The Roman World, To the Strongest, 28mm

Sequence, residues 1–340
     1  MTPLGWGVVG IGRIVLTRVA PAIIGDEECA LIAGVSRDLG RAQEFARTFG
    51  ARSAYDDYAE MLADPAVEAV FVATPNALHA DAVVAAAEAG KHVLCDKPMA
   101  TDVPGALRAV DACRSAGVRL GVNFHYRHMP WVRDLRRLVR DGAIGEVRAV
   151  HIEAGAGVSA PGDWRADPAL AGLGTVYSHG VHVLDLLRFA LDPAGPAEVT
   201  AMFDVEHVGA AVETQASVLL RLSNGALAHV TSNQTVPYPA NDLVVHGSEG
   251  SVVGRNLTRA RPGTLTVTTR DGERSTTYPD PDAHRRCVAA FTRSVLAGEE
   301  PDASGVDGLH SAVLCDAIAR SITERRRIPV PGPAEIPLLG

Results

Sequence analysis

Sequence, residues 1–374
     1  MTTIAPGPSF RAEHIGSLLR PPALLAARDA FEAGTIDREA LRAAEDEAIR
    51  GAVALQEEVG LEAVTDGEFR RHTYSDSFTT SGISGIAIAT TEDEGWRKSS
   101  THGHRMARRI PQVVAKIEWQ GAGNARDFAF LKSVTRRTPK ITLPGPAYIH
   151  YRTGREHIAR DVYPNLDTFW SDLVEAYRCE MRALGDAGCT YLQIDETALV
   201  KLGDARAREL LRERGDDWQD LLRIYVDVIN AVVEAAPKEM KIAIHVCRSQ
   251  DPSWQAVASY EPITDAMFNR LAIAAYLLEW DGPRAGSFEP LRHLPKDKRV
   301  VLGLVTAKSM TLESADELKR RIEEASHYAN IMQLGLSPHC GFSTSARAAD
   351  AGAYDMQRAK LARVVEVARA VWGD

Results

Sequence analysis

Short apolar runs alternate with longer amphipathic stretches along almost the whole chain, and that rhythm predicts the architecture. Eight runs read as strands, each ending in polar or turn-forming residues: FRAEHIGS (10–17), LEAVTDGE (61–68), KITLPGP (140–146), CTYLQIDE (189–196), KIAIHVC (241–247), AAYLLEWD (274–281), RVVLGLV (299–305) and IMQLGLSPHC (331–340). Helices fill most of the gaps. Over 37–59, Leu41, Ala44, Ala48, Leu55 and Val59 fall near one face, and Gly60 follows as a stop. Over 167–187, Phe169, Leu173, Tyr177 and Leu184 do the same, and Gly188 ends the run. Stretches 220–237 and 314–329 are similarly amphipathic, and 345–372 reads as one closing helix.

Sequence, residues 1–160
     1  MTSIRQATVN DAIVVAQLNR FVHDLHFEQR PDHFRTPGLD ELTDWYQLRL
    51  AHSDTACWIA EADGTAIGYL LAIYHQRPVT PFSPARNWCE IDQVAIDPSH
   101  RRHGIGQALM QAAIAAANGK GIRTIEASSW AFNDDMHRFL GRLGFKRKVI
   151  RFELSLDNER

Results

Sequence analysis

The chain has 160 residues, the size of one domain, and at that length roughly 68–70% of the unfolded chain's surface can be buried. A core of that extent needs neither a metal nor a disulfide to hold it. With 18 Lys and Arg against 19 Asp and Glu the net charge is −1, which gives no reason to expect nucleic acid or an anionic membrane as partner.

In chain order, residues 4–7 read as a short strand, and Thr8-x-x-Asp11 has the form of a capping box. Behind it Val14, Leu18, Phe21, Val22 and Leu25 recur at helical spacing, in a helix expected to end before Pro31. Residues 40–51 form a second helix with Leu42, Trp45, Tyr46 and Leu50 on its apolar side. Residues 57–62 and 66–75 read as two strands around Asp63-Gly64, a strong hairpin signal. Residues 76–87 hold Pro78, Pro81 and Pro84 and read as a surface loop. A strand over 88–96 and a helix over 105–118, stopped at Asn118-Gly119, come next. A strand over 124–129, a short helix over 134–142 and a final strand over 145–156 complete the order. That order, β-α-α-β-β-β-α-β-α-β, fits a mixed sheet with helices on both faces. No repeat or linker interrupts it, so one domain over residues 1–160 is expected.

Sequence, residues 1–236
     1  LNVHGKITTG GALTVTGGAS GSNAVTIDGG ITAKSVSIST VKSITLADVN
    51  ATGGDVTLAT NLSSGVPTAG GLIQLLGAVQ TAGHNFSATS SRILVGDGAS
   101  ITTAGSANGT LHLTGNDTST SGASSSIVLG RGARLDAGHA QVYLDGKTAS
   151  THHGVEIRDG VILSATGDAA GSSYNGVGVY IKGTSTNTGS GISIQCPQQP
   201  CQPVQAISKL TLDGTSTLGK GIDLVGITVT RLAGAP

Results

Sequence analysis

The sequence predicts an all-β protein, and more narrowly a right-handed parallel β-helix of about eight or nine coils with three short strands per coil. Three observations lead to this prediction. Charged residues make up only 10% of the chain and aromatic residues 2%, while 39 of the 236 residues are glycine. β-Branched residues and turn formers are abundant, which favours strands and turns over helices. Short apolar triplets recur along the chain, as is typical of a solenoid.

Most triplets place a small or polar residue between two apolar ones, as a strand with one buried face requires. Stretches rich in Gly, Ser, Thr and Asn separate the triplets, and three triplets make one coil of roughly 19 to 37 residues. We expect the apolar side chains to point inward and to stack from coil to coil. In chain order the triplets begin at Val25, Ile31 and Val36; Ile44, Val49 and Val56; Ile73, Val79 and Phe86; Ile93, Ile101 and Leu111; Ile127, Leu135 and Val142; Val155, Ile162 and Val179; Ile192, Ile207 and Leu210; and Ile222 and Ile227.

This was another “learning the system” game, using my Gauls and Caesarean Romans. It was a fairly straightforward little clash, fought out in reasonably open ground on a 6×4 foot table. the odd patch of forest sat on the edges of what was otherwise an open plain, dominated by a Roman marching camp. Sean and Lindsay played the Gauls, while Gyles and I took the Romans. In this one, Gyles and I split our small Roman force in two, with each of taking three cohorts. On our right was a small cavalry force of two allied Gallic units, backed up by artillery – a ballista. We also had a couple of skirmish units, one of Balearic slingers and the other of Spanish javelinmen. Our big edge though was leaders – we had four leaders, including Crassus, our leader. Each of these was detached, which meant we could whizz them around to wherever they were needed. The Gauls did the usual thing – six warbands steaming towards us, with a sizable cavalry force on the right flank, backed up by another warband of naked fanatics and two skirmish units – one of archers and the other of javelinmen. The fanatics were Lindsay’s pet new unit, and my ardent hope was that I could slaughter them before they developed a winning streak. The Gallic tactics were simple. Line up and … CHARGE!After the Gaul’s last fiasco though, they played it well, and coordinated the assault, so that everyone hit the Roman line at the same time. Well, almost everybody. Those much-vaunted fanatics held back, as did the Gallic cavalry. We advanced a bit, to give us some space in front of the camp, and then formed our own supported battle line. All we could do then was to brace and hope for the best. The Gallic charge hit us like a steam train. None of our pila seemed to hit anything. So, it was down to hand-to-hand combat, with the Gauls bolstering their attacks with their disposable “heroes”, and with their three attached leaders setting an example from the front. We held – just – but by the end of the first turn or two most of our units had been disordered. So had a few of the warbands, but they take three hits before they disperse, and our cohorts took two. So, things were looking decidedly grim for Team SPQR. Gyles’ solution was to unleash his cavalry. His two units led by Crassus’ son slammed into the left-hand warband of the Gallic horse, and disordered it. Then the next unit managed to get itself embroiled by charging the Gallic archers – who evaded – and slamming into another warband behind them.So, we were locked into a melee that wasn’t going to end well, as we had no cavalry reserves – and our charge had blown itself out. In the end we landed up losing both cavalry units, in exchange for the archers and one of the warbands. By now the battle was really heading up. One of Gyles’ three cohorts bucked under the pressure and broke, as did his slingers. All we had to show for it was three warbands within a card-turn of breaking themselves. Over on the Roman left the Gallic cavalry finally turned up, supported by the still-hesitant fanatics. Without anyone else to charge the first cavalry unit hit the far left of the Roman line, and the Romans stood fast. This ended with the cavalry unit breaking, and the one behind it pulling back with a hit marker on it. In my left I lost a unit, while a warband ran over Gyles’ ballista unit. Things were looking pretty serious now, as we’d lost 11 of our 13 victory tokens, while the Gauls still had 6 of theirs. Things were looking very bleak indeed. That though, is when the run of cards started. Both Gyles and I started pulling some pretty nifty saves, and actually fought back with more gusto than we’d shown.First of all, in the centre, we broke a warband. Then the fanatics charged home – and got wiped out. Ha! That though, is where we had to end the game. Both armies were on the ropes, and only needed to lose another unit to lose the game completely. However, while all of the Gallic warbands had two hits on them, and so were on the verge of breaking, only one of our remaining cohort had a hit left on it. We’d also got one more victory token left. Still, by any definition this game was a draw, which is exactly how we called it. That, of course, is the joy of To the Strongest. The games are always tense and hard-fought, but also great fun. There’s something about turning a card rather than rolling a dice that ramps up the tension, and we had dramatic card-turns in spades during the game… or hearts, clubs or diamonds. This was only the first time that Lindsay had played the rules, and Gyles and Sean only had two games under their belt. All three of them though, reckoned this was excellent entertainment, and vowed to play again .. and paint up armies of their own. I see that as a real result – and an excellent comment on the rules.